Author(s): Gorell E, Lee C, Muoz C, Chang AL
OBJECTIVE: To investigate whether the adoption of Western culture is associated with attitudes and practices promoting sun exposure among Asian Americans. DESIGN: Survey conducted from November 28, 2007, to January 28, 2008.
SETTING: Primarily northern California community groups via online survey.
PARTICIPANTS: Adult volunteers who self-identified as Asian American.
MAIN OUTCOME MEASURES: Results based on 546 questionnaires returned.
RESULTS: The overall response rate was 74.4%. Multivariate regression analysis controlling for age and skin type showed that westernization (as determined by generation in the United States, location raised, or self-rated acculturation) was associated with attitudes and behaviors promoting sun exposure (including the belief that having a tan is attractive, negative attitudes toward use of sunscreen and sun protective clothing, and increased weekend sun exposure, lying out to get a tan, and tanning bed use) at a level of P < .05.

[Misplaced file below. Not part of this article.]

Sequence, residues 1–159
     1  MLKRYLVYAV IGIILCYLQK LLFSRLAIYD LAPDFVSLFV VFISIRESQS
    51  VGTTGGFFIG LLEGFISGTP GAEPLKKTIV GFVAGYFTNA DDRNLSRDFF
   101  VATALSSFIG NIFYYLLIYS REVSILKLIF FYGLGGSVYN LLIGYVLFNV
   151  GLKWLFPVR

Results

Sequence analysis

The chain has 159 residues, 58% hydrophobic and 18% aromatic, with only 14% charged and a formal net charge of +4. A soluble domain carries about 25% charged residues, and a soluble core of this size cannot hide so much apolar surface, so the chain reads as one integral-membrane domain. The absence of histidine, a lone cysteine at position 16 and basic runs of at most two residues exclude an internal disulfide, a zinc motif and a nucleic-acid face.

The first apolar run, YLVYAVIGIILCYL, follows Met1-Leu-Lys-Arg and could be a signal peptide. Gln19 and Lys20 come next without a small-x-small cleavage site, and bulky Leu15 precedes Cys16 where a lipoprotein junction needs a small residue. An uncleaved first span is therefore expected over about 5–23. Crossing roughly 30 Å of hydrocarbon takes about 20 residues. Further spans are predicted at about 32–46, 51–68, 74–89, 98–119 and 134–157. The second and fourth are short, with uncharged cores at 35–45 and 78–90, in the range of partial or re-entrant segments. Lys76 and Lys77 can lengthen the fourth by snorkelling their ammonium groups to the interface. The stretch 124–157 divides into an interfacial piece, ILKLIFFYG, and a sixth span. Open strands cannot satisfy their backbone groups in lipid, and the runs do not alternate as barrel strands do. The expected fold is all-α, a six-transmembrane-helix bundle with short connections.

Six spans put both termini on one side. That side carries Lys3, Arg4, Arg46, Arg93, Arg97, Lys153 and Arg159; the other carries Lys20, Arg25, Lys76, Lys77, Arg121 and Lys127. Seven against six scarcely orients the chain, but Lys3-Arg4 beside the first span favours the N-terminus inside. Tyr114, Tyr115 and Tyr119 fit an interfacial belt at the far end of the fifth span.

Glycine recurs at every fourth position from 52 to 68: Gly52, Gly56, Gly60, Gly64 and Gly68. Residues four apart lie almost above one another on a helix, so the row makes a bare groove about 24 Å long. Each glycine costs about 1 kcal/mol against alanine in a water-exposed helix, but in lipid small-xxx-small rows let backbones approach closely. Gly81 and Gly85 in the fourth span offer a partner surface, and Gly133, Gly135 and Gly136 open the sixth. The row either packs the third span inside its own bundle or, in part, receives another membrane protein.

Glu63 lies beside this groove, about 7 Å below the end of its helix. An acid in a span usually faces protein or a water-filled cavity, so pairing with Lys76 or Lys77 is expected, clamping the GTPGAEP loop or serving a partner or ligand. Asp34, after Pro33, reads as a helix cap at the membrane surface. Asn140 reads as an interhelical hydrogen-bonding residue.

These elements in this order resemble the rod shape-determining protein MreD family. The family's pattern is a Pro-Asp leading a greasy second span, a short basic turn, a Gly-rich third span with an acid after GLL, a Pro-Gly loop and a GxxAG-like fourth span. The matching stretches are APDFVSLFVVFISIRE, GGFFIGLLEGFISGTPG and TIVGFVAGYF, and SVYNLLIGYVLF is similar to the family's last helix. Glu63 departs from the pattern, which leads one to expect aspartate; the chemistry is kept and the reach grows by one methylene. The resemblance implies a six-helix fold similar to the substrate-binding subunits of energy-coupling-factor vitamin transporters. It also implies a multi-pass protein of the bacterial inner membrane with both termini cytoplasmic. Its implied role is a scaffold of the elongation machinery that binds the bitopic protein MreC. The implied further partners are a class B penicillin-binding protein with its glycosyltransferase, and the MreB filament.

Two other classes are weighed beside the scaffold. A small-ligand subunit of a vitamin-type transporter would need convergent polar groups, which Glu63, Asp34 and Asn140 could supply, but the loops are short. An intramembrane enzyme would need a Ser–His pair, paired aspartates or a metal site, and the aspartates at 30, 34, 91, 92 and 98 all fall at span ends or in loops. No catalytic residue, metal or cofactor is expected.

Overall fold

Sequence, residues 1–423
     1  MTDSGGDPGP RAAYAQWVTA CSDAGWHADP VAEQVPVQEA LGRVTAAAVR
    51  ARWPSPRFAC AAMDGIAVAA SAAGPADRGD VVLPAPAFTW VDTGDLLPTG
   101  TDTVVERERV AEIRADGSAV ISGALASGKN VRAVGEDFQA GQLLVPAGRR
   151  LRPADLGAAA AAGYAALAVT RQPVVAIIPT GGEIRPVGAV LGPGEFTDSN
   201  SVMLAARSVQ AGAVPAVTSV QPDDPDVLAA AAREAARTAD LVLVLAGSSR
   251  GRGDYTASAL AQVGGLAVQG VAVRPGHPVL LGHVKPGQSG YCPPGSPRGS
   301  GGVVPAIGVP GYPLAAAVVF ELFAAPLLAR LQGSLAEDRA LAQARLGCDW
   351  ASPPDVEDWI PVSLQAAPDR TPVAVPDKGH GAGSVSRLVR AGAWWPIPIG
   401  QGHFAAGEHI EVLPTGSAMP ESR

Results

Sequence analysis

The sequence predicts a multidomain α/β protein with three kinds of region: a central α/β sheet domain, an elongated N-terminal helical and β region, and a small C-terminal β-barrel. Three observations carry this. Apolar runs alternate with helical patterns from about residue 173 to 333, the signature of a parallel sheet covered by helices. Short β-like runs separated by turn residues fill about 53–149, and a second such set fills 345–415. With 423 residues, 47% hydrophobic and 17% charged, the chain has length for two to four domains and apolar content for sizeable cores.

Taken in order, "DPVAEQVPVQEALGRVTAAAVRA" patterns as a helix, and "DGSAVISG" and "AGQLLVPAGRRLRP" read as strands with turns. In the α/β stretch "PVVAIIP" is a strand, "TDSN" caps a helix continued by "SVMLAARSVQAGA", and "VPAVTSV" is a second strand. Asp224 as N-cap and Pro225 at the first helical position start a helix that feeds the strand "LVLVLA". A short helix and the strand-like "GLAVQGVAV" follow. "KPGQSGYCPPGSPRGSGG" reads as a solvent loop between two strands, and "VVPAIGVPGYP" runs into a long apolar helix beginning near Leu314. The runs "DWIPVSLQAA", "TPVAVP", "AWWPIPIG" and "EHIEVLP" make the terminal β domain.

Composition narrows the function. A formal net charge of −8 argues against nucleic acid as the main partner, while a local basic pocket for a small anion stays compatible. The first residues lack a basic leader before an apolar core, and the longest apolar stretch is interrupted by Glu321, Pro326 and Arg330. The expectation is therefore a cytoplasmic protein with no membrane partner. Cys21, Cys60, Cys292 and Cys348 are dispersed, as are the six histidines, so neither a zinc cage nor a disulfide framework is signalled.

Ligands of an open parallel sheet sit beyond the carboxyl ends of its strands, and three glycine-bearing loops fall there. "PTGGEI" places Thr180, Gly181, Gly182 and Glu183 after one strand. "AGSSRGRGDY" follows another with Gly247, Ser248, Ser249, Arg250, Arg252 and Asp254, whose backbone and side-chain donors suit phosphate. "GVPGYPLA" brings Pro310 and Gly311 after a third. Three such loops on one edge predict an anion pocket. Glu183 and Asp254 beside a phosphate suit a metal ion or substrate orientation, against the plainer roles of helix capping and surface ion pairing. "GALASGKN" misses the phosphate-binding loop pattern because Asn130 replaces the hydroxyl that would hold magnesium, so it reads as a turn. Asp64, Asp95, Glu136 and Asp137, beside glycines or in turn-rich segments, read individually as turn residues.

CONCLUSIONS: Our data suggest that adoption of Western culture may be associated with attitudes and behaviors promoting sun exposure among Asian Americans. This group should be targeted by dermatologists for increased education regarding sun protection, solar damage, and skin cancer prevention and detection.